The promoter soon learned other tricks he needed to keep an illegal space open. “The neighbors hated us, so I started going to neighborhood association meetings so they couldn’t talk about me without me there,” he says. “We’d go down to the police station to ask what we could possibly do to help out. We explained that we were there to help kids, to get them off the streets, that there was no alcohol served, and that we were very vigorous about confiscating alcohol that got brought in. And none of it was a lie; we just played up the points that they wanted to hear.”
After a year and a half hosting shows every night, Patrick closed Seventeen Nautical Miles and opened another venue five times that size. “I opened a bigger place thinking I would get the same treatment at a much larger location,” he says. “We tried to do it with the same punk-rock ethic and the same good intentions, and we were shut down after two weeks.”
Afterward, he moved back to Texas to finish his degree and spent a few months doing tech-support work, before booking shows and playing piano for John Henry Memorial, a Portland friend’s band. When the tour ended in New York, Patrick decided to stay here. Turned off by New York’s monied club scene, Patrick didn’t intend to book his own shows at first. But he soon discovered Sound and Fury Records, a Soho record store run by another ex-Portlander. “The whole rest of the country has this independent-rock circuit of people who do stuff, stuff that isn’t necessarily written about in blogs or whatever, this circuit of people who play these DIY clubs through the country,” Patrick explains. “And New York didn’t have a connection with that. It just wasn’t a stop on that underground railroad. But you could go see bands play at Sound and Fury, which was smaller than my bedroom. I started going there all the time and hanging out.”
From there, Patrick caught the promoter bug once again, this time hopping from makeshift venue to makeshift venue. A scene has since coalesced around him—all the spazzy art-punk bands that couldn’t or wouldn’t get legit club gigs now have places to play. But Patrick doesn’t much like his rep as solely a noise-rock booker. “There’s nothing noisy about Japanther—they’re just loud,” he says. “Or Matt and Kim? They’re just these fun, loud, rowdy bands.”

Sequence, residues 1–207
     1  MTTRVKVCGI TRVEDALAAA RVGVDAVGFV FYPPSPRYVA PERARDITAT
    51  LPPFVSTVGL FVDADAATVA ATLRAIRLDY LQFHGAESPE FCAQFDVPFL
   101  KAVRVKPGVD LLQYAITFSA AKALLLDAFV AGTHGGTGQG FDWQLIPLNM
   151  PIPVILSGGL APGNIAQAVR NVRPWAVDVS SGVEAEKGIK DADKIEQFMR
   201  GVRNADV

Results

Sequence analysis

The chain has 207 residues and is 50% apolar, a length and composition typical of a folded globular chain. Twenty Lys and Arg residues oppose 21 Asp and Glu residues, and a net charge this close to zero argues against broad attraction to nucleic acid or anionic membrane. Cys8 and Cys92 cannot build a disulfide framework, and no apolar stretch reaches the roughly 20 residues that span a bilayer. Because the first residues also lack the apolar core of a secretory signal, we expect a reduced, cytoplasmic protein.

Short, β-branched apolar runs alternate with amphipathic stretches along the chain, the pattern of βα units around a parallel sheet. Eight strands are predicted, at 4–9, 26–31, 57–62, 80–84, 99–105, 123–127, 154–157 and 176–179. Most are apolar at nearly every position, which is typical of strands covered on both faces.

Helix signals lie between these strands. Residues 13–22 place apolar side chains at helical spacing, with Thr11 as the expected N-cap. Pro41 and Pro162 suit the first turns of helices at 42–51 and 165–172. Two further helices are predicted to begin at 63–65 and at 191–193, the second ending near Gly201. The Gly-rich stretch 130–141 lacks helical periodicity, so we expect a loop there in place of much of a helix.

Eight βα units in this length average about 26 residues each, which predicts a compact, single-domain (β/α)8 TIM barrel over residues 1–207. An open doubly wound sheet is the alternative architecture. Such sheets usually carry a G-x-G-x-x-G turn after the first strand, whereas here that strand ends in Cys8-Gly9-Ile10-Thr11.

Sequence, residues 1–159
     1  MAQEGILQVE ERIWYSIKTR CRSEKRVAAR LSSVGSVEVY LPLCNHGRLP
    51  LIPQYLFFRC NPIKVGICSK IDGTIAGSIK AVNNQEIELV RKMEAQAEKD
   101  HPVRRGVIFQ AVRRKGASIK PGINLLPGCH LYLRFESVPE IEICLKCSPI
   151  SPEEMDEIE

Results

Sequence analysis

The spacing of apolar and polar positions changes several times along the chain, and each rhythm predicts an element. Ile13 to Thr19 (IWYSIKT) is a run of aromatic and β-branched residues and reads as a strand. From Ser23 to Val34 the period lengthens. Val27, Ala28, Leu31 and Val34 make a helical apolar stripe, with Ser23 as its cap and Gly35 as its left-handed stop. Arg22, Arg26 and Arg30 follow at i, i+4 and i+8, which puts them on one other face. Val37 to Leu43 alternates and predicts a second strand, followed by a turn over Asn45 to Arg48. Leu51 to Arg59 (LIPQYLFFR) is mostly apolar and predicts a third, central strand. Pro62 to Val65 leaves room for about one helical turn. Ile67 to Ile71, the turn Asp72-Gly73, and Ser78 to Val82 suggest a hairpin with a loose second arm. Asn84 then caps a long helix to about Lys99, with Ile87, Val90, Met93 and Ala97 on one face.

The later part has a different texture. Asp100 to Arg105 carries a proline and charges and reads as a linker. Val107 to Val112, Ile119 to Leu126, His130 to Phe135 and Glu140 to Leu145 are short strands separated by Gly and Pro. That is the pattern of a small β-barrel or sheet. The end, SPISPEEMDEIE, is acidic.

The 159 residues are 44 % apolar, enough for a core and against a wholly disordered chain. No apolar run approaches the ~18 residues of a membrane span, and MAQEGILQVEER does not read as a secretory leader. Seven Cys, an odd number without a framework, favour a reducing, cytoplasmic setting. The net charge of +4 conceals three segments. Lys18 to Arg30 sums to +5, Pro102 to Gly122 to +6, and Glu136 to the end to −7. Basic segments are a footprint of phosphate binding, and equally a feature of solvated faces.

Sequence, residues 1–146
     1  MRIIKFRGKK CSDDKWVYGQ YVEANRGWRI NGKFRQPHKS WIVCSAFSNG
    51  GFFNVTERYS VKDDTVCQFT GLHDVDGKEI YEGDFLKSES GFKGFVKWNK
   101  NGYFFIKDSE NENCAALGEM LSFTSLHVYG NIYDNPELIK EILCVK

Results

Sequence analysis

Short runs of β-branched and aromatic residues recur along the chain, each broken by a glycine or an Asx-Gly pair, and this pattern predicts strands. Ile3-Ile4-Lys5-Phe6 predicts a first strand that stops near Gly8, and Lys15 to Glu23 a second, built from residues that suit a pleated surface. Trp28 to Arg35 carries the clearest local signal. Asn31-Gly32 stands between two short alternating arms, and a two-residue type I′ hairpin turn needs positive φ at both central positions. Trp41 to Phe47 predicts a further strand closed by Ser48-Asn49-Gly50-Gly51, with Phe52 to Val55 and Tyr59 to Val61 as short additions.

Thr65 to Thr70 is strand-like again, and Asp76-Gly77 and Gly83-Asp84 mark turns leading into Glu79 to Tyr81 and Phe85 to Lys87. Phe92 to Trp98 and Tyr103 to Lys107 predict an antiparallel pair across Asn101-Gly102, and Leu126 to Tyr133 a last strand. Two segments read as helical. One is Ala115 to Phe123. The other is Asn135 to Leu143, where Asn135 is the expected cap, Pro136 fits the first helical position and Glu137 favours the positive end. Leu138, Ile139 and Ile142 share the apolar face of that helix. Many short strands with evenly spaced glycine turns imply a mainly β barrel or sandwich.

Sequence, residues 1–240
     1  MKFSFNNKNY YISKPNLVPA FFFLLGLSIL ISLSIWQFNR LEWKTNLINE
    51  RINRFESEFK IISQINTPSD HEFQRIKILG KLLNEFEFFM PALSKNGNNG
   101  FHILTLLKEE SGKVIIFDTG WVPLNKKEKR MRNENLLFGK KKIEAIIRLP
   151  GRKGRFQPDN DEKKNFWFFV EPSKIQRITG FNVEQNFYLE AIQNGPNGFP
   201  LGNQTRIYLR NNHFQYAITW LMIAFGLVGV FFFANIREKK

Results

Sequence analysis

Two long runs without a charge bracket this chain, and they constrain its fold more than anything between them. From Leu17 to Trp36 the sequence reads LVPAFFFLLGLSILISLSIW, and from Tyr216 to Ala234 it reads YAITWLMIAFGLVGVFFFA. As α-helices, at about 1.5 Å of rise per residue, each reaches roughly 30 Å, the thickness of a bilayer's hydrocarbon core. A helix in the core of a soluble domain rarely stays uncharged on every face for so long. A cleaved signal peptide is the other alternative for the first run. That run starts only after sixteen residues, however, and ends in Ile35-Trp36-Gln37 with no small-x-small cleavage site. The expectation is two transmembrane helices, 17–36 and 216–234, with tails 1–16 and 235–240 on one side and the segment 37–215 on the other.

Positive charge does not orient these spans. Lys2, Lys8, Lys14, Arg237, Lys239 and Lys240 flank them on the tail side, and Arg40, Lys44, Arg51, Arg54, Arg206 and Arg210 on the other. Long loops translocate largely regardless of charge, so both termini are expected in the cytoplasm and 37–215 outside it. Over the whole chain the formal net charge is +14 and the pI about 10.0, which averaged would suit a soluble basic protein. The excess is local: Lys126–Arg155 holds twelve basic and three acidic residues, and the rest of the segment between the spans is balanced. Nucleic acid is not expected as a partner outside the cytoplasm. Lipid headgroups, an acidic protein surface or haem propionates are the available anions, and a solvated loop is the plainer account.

Late last year, Patrick tried to open a proper, permanent venue—the Llano Estacado, a loft space in Williamsburg—but the police shut it down after just a few shows. Financial difficulties and disputes with his partners have temporarily derailed his plans to try again, though he’s eyeing a medium-sized space in Long Island City. In the meantime, he supports himself by renting practice spaces to bands in the Llano Estacado building while promoting his shows elsewhere. No day job. “I probably make less money than 90 percent of the people who come to my shows,” he says.
But even if that eventually changes, Patrick’s overriding philosophy won’t. “If I book a Yeah Yeah Yeahs, show, it’s not going to be at Irving Plaza or wherever it is they play at,” he says. “It’s going to be at, say, one of the Hasidic rental halls on Bedford and Flushing, like the Rose Castle or something. I’d book it at a place that’s off the beaten path: appropriate and big, but different, someplace that lets people realize that there’s no reason that these things have to happen at these places where you think they’re supposed to happen.”
For info on future Todd P shows, click to toddpnyc.com.
This article from the Village Voice Archive was posted on June 20, 2006